As an organization dedicated to combating the illicit trade in ancient art, which is funding crime, armed conflict, and violent extremism, the Antiquities Coalition is proud to support H.R. 6069, the “Fight Illicit Networks and Detect Trafficking Act” (“FIND Trafficking Act”). The bill was introduced by Representative Juan Vargas (D-CA) to the House Financial Services Committee, and Representatives Hensarling (R-TX) and Walden (R-OR) are bill co-sponsors. The bill would require the Comptroller General of the United States to carry out a study on how virtual currencies and online marketplaces are used to buy, sell, or facilitate the financing of goods or services associated with sex trafficking or drug trafficking, and for other purposes.
As the Financial Action Task Force (FATF) warned back in 2013, art and antiquities are particularly vulnerable to both money laundering and terrorist financing. We believe that Congress has an opportunity to do even more in its fight against the use of virtual currencies for illicit trade. The U.S. Department of State estimates that each year 3–5% of the global GDP is laundered, totaling some $2.17–$3.61 trillion. Moreover, the U.S. Department of State claims that as post-9/11 reforms have increasingly closed the formal financial sector to violent extremist organizations, they have turned back to “traditional ways such as… money laundering… to move their funds to finance their terrorist activities.” The proliferation of illicit cryptocurrency use opens new, non-traditional methods for terrorist groups to launder money and fund criminal activities and thus imperils strides made in combating financial crimes.
Mr. Robert Novy, Deputy Assistant Director, Office of Investigations, United States Secret Service, mentioned in his June 20th testimony before the House Financial Services Committee, that the two primary focus areas of the Secret Service with regards to virtual currencies are combating criminal schemes and money laundering. Those are two objectives we share.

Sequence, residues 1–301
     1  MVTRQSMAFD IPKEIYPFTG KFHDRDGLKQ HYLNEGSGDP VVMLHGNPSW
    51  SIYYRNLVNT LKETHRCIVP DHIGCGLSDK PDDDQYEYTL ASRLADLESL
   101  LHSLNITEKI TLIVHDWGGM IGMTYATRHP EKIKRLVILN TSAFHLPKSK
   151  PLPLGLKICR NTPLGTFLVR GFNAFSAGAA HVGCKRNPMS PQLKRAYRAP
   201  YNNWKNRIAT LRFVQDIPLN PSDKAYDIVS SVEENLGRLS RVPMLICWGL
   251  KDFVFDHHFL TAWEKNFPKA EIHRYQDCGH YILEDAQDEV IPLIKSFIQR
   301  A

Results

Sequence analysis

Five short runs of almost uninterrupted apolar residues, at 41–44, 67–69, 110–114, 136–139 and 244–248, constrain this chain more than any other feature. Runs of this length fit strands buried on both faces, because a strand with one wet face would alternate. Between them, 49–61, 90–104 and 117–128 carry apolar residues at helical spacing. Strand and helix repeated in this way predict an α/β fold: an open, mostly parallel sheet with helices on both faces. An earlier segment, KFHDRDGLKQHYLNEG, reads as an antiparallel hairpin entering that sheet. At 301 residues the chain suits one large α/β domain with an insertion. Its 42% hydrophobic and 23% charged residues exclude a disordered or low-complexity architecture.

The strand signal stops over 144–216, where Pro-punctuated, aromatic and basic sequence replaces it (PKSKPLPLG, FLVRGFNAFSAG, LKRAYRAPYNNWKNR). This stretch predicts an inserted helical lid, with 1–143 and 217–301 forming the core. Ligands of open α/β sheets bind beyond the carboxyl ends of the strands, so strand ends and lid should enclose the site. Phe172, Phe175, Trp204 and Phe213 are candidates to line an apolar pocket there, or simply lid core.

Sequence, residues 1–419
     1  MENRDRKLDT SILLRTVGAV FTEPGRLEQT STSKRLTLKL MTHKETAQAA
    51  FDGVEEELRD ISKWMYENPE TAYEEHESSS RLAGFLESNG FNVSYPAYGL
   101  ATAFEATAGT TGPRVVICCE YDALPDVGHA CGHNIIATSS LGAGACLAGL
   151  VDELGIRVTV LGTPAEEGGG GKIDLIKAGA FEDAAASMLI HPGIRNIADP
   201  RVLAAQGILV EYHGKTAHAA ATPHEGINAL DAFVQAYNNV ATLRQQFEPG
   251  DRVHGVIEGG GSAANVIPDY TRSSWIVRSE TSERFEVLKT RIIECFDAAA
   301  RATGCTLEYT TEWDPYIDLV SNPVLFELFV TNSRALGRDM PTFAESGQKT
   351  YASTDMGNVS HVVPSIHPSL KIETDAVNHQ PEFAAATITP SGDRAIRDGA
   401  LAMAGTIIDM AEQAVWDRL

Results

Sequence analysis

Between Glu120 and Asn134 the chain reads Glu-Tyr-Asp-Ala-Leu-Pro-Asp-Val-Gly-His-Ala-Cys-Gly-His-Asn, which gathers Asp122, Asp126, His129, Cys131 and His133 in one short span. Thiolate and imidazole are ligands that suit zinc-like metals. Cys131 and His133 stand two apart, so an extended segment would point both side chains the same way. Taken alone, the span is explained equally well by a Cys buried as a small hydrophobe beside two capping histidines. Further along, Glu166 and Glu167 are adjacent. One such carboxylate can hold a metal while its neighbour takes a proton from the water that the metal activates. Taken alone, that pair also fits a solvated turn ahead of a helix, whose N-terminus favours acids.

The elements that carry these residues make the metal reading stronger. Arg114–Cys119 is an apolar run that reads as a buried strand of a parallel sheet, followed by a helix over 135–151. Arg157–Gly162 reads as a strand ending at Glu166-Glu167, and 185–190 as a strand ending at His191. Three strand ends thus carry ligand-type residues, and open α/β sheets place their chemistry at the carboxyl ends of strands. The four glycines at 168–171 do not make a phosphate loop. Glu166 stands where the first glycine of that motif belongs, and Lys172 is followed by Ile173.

In Thomas Ott’s testimony on behalf of the United States Department of the Treasury’s Financial Crimes Enforcement Network (“FinCEN”), he urged Congress to take targeted action to prevent the growth of illicit activity involving cryptocurrencies. Mr. Ott also noted that more than one-third of all registered virtual currency money transmitters are based in the U.S.
In 2017, the U.S. remained the world’s largest art market, valued at a shocking $26.6 billion and accounting for 42% of the global total. When taking into account the substantial role of the U.S. in both art markets and cryptocurrencies, the need for precise policy in this domain is clear.
In accordance with our goals of adopting a targeted approach to combating the illicit trade of art and antiquities, our organization supports H.R. 6069. As of July 2018, the bill has been referred to the Senate Committee on Banking, Housing, and Urban Affairs. You can track its progress here.